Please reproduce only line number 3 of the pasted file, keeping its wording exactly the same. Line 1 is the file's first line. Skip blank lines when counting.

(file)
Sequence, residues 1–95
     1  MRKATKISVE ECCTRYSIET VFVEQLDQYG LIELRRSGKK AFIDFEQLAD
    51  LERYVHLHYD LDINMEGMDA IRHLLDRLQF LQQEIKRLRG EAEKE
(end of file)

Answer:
    51  LERYVHLHYD LDINMEGMDA IRHLLDRLQF LQQEIKRLRG EAEKE